Living Within Your Means

An editorial by P. J. O’Rourke, the editor of American Consequences, touched on a subject that had us thinking twice about the booming American economy and individual responsibility. He writes about the government shutdown and its effect on a married couple that happen to be senior managers in different departments of the U.S. government. He estimates their salaries to be $200,000 to $300,000 annually, putting them in the top 5% of American earners. Yet, during the shutdown, they were interviewed while standing in line for free food at a pop-up market run by the Capital Area Food Bank in Washington, DC. 

It’s shocking to realize that a recent study of 25,000 American adults shows that 6 out of 10 working adults are living paycheck-to-paycheck or, even worse, are accruing debt and saving nothing for emergencies.

Those that do save for the unexpected, the study shows, think that $2,000 is the right amount for a 3-month emergency fund.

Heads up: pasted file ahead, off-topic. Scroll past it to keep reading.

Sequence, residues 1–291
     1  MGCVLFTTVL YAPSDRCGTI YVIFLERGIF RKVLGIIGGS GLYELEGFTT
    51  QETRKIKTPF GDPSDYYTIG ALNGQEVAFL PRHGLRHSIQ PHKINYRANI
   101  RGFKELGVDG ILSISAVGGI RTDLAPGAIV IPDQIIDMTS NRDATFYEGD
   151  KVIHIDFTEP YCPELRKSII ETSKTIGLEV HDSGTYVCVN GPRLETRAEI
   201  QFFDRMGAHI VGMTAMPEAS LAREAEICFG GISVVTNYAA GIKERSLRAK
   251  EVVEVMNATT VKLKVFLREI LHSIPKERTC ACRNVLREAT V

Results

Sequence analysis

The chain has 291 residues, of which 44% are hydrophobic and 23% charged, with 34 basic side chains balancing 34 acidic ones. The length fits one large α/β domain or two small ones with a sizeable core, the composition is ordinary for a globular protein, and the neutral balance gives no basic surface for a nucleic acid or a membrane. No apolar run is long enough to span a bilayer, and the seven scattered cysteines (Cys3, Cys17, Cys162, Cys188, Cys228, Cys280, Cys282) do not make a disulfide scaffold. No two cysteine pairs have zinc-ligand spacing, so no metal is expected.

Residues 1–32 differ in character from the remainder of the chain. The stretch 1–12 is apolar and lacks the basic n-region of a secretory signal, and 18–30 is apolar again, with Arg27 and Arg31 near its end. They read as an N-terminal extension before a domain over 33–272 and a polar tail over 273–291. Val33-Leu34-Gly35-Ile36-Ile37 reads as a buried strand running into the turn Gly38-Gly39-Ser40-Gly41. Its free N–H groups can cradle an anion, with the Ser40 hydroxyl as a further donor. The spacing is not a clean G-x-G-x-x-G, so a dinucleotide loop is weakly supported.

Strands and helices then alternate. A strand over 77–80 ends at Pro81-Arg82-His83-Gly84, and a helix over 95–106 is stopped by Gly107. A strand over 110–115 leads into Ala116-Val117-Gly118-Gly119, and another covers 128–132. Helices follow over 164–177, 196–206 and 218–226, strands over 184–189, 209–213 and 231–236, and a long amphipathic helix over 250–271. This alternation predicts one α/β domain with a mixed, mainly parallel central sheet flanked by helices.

Earning more doesn’t seem to matter either. As incomes rise, the pattern of spending the entire paycheck every month continues!

After some research, we were able to list 7 warning signs that you’re living beyond your means:

  1. Carry credit card debt
  2. Do not contribute at least 5% to a savings account
  3. Have less than 3 month’s pay in an emergency fund
  4. Have no emergency fund at all
  5. Lease a car you can’t afford to buy or finance
  6. Have paid overdraft fees
  7. Don’t budget

If the government shutdown did any good at all (and we don’t mean politically), it may have us thinking about how to live within our means so we never have to take a handout meant for the truly poor, unlike the government employees in O’Rourke’s story. We can all live within our means and still enjoy life — it just may take a little imagination and willpower.